Sunday, June 22, 2014

Asia's Cauldron: the South China Sea and DF-21D ASBM

I recommend Robert Kaplan's Asia's Cauldron: The South China Sea and the End of a Stable Pacific. A key question: how effective will conventional ballistic missiles (ASBM: e.g., DF-21D, CEP ~ 10m? recent report) and cruise missiles (ASCM) be against US carrier groups?

Over the last decade, the center of world power has been quietly shifting from Europe to Asia. With oil reserves of several billion barrels, an estimated nine hundred trillion cubic feet of natural gas, and several centuries’ worth of competing territorial claims, the South China Sea in particular is a simmering pot of potential conflict. The underreported military buildup in the area where the Western Pacific meets the Indian Ocean means that it will likely be a hinge point for global war and peace for the foreseeable future.

In Asia’s Cauldron, Robert D. Kaplan offers up a vivid snapshot of the nations surrounding the South China Sea, the conflicts brewing in the region at the dawn of the twenty-first century, and their implications for global peace and stability. One of the world’s most perceptive foreign policy experts, Kaplan interprets America’s interests in Asia in the context of an increasingly assertive China. He explains how the region’s unique geography fosters the growth of navies but also impedes aggression. And he draws a striking parallel between China’s quest for hegemony in the South China Sea and the United States’ imperial adventure in the Caribbean more than a century ago.

To understand the future of conflict in East Asia, Kaplan argues, one must understand the goals and motivations of its leaders and its people. Part travelogue, part geopolitical primer, Asia’s Cauldron takes us on a journey through the region’s boom cities and ramshackle slums: from Vietnam, where the superfueled capitalism of the erstwhile colonial capital, Saigon, inspires the geostrategic pretensions of the official seat of government in Hanoi, to Malaysia, where a unique mix of authoritarian Islam and Western-style consumerism creates quite possibly the ultimate postmodern society; and from Singapore, whose “benevolent autocracy” helped foster an economic miracle, to the Philippines, where a different brand of authoritarianism under Ferdinand Marcos led not to economic growth but to decades of corruption and crime.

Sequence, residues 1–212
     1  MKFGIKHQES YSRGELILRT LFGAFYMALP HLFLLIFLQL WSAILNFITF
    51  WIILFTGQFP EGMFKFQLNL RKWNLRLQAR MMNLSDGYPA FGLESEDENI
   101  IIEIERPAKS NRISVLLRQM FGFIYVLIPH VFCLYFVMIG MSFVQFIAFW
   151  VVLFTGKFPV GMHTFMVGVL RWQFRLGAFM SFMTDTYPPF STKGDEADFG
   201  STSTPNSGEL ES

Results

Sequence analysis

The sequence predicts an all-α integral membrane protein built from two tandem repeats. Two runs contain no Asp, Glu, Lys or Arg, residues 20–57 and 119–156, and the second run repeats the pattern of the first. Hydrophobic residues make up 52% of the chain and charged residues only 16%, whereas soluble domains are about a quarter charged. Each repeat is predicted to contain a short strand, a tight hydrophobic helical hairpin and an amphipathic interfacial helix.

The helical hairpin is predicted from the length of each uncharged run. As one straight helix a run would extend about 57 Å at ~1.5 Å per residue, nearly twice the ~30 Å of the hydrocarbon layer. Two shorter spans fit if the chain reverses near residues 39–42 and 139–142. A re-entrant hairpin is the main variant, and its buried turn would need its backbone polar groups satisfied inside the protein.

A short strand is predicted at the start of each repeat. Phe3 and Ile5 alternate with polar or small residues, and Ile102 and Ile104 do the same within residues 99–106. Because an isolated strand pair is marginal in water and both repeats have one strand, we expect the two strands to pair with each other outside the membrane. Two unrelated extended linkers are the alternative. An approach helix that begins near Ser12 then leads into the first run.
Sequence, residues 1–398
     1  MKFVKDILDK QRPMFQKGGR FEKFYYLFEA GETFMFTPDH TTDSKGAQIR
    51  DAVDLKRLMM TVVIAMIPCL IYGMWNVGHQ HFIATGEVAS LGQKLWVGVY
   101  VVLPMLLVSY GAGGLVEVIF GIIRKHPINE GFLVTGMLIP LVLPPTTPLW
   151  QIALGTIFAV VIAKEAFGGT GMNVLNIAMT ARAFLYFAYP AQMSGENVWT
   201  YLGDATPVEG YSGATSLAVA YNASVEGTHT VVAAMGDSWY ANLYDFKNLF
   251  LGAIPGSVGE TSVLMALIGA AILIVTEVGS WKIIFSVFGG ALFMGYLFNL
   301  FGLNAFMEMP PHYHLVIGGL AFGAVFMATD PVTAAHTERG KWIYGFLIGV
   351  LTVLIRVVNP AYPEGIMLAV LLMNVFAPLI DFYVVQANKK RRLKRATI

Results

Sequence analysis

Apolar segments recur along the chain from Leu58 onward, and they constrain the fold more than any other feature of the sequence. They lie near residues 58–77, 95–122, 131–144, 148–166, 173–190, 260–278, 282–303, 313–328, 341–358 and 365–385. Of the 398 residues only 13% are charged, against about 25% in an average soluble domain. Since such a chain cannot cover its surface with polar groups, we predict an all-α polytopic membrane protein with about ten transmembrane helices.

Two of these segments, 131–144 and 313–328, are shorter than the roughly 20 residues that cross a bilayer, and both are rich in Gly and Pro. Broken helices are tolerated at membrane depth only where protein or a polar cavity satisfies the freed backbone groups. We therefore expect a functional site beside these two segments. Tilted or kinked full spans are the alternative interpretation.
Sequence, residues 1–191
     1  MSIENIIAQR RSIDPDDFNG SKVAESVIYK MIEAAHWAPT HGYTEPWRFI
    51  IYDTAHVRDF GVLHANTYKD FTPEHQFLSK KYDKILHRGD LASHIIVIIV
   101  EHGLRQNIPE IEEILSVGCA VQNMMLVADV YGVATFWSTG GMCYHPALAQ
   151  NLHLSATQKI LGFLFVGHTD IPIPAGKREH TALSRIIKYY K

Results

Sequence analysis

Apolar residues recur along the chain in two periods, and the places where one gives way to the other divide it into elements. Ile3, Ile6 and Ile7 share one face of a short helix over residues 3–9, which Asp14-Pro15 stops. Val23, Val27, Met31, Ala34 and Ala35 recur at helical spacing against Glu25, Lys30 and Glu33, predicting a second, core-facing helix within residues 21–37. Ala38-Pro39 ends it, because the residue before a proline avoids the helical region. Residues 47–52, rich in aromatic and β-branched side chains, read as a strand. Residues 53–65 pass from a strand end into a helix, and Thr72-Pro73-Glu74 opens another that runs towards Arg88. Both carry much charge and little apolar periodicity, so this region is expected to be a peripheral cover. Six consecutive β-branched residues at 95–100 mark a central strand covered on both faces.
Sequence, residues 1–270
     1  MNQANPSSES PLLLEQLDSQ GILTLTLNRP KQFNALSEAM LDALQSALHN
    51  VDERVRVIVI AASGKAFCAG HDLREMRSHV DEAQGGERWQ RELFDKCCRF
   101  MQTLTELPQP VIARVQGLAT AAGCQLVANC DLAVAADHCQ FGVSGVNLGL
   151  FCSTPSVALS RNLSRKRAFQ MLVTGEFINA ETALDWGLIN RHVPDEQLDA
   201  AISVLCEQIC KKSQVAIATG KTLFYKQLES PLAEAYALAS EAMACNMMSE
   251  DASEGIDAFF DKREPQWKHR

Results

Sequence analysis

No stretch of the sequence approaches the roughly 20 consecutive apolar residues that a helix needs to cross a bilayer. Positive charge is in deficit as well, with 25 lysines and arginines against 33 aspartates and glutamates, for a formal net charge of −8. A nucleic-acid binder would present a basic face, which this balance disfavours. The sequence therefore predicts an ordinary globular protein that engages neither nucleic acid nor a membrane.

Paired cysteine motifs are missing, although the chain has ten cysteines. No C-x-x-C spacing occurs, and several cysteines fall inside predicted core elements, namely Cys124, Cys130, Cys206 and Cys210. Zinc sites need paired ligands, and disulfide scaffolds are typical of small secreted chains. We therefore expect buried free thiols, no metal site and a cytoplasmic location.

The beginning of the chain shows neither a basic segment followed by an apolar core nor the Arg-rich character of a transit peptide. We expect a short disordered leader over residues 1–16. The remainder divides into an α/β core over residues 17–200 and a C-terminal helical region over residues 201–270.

See also John Mearsheimer: Can China Rise Peacefully?


Pat Boyle said...

My guess is that the traditional large US style aircraft carrier is done for. It is a warship that is now only effective in peacetime. If and when real hostilities break out it will prove too vulnerable to survive for long.
At the present time giant nuclear carriers are useful for 'showing the flag' i.e. engaging in bluff. This is very like the 'Great White Fleet' a century ago. After Jutland all the world's great powers focused on battleships foolishly. Japan - most authorities agree - wasted the most resources on the Yamato and the Musashi. In real combat those mighty ships were nearly useless. Fortunately we lost most of our battleships at Pearl Harbor, so we got an opportunity to rethink the strategic position.
Carriers won the Pacific war for us but they only were successful in conjunction with another weapon - the Catalina PBY. We spotted the Japanese carriers before they spotted ours at Midway largely because of luck and the range of the Catalina. But distance and cloud cover can no longer hide a carrier. As a plane the Catalina is very, very obsolete. No one is quite sure if a carrier that can be seen from space is still survivable. My guess is that it isn't.
Carriers which are now so useful in peacetime for projecting force will go under the waves quickly when a determined enemy tries to sink them. In the last days of WWII in the Pacific our carriers proved to be vulnerable to Kamikazes. The modern version of a Kamikaze is a cruise missile. A single missile controlled remotely could kill a billion dollar carrier and drown thousands of sailors. If we have a conflict in the South China Sea or off the coast of North Korea I expect we will lose a carrier nearly at once. The 4,600 sailors on the USS Enterprise would be a bigger loss than loss of life from the Pearl harbor attack or 9/11. We would have to withdraw back to Hawaii and deploy smaller assets.

Hacienda said...

So the Politburo has spoken about what mongoloids should want from the US?

RagnarDanneskjold said...